Even though there may be certain foods you want to limit, try not to get into the trap of feeling guilty or beating yourself up when you do eat these. It might be worth wondering about your relationship with food, asking yourself questions like, ‘do I eat when I’m emotional?’ and ‘why do I choose to eat those foods when I’m feeling a certain way?’ Looking at your language around food is helpful too; do you consider certain foods ‘bad’ or forbidden?
Katie Hoare explains the concept of the inner ‘food police’ in their article, 10 principles of Intuitive Eating,
“The ‘food police’ is that constant negative voice in your head that labels food as ‘good’ and ‘bad’ and can lead to damaging thought and behavioural patterns, if that voice is allowed to get louder. An essential step in Intuitive Eating, turn down the volume and listen with authenticity.”
If you are prone to bouts of emotional eating, it can sometimes be to do with how your parents and carers approached food growing up. Perhaps they used food to reward or punish behaviour. Or perhaps they had an emotional relationship with food. You may have unconsciously absorbed some of these unhelpful beliefs growing up. We can also take on board limiting views on body image from the media. This might mean when feeling bored, stressed, or overwhelmed, you reach out for the types of food that might not serve you so well.
If you are concerned about your relationship with food or think you may have an eating disorder, it is important to reach out to a health professional like your GP, a counsellor, or a nutritionist. Beat also offers support for people who have or are worried that they have an eating disorder.
Understanding the impact your food choices have on the environment means that we can look after our future generations. Global food sources are predicted to run out by 2050. This is a bit of a scary thought but it’s empowering to think we can take action by thinking about the moral impact of our food choices.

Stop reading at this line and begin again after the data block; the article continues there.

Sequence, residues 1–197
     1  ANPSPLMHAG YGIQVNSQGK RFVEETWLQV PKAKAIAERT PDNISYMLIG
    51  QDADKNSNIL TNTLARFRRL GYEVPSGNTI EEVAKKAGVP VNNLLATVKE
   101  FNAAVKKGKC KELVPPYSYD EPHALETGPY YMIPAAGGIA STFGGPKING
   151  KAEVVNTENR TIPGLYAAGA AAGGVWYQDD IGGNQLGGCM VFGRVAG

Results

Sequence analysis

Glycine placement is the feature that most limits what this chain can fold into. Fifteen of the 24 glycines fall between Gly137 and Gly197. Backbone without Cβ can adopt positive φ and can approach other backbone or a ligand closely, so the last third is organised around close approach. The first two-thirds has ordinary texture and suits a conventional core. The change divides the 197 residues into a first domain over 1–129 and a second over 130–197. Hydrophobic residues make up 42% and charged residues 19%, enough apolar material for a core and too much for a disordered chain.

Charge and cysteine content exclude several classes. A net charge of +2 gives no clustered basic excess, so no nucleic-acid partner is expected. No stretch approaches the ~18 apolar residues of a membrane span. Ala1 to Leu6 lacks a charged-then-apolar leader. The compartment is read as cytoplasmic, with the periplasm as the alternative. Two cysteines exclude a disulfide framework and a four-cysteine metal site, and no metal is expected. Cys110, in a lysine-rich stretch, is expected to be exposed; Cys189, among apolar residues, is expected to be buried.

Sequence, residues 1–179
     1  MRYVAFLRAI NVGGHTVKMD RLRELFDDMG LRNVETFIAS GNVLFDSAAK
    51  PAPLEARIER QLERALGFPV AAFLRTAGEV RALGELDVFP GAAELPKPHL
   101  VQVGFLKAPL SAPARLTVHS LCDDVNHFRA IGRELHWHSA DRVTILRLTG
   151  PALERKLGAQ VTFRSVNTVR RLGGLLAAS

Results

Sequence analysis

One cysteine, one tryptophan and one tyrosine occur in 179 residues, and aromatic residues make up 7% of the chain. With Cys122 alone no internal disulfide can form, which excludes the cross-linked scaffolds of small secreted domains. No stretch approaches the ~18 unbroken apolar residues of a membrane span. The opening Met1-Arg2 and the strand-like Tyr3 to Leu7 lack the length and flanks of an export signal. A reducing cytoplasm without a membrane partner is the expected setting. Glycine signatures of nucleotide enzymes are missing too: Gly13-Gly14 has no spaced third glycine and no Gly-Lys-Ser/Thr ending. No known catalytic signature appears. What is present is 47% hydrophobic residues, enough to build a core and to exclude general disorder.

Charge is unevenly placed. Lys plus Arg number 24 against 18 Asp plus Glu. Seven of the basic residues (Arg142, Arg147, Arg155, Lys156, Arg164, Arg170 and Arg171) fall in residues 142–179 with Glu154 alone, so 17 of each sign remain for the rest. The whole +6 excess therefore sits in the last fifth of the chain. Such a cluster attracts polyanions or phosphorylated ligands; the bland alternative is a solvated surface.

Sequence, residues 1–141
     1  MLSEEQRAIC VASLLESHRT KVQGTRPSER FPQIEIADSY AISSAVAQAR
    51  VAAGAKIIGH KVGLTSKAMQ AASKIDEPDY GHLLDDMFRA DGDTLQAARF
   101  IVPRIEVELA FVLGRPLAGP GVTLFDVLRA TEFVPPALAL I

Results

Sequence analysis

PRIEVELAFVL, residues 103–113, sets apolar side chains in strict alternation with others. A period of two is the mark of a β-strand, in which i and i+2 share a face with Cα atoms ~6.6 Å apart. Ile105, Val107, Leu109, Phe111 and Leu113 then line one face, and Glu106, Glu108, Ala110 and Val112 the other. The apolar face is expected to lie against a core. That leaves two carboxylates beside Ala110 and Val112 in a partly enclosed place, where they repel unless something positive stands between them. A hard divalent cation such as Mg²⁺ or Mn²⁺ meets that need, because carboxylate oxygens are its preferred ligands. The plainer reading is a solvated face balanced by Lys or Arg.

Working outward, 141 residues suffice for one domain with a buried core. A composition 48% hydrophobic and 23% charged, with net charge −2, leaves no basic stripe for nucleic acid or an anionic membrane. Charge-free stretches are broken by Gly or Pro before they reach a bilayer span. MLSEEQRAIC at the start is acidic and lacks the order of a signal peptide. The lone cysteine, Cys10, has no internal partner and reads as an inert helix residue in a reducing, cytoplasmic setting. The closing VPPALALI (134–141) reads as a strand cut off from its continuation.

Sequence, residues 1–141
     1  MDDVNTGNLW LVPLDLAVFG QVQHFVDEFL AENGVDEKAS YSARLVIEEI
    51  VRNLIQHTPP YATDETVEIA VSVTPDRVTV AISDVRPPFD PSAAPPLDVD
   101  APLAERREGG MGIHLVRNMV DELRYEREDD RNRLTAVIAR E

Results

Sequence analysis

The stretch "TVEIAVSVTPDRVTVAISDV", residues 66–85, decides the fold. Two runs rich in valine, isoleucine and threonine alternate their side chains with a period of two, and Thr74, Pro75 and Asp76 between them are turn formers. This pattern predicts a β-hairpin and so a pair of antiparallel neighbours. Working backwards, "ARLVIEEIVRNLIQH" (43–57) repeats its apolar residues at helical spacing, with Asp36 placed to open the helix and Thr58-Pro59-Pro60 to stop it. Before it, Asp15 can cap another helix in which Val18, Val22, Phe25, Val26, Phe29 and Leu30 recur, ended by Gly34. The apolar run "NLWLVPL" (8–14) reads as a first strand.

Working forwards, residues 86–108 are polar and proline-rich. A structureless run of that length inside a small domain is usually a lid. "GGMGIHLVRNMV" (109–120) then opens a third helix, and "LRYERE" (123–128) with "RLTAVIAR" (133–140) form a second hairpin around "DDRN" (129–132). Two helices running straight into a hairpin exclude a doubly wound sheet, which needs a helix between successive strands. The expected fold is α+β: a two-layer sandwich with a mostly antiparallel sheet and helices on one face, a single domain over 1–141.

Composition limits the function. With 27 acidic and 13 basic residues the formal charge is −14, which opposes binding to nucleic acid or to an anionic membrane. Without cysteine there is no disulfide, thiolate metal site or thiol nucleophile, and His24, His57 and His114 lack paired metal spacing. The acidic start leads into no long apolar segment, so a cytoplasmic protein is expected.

Knowing where our food comes from is the first step. Eating local, seasonal foods isn’t only healthier due to higher antioxidants, but it’s also a great way to reduce your carbon footprint. Other ways to eat ethically are to support sustainable farming and perhaps even try something like meat-free Mondays. You may have heard of this before but it’s basically just skipping meat from your diet one day a week. Many nutrition experts take a 360-degree view of ethical eating when working with clients.
How can talking with a nutritionist help me?
Working with a nutritionist can be really helpful. A nutrition professional can help you work out your current food habits and implement healthier eating options, getting a clearer idea of what to eat and why.
Learning about what your body is telling you, as well as alleviating any specific eating-related health issues, can also be a really helpful part of seeing a professional on a one-to-one basis. Life is so incredibly busy, it can be lovely to let someone else take the pressure off for a while. Once you have something concrete set up it's then easier to manage daily meal plans, eventually becoming second nature to you.
To learn more about healthy eating or discover how a professional may be able to help, visit Nutritionist Resource.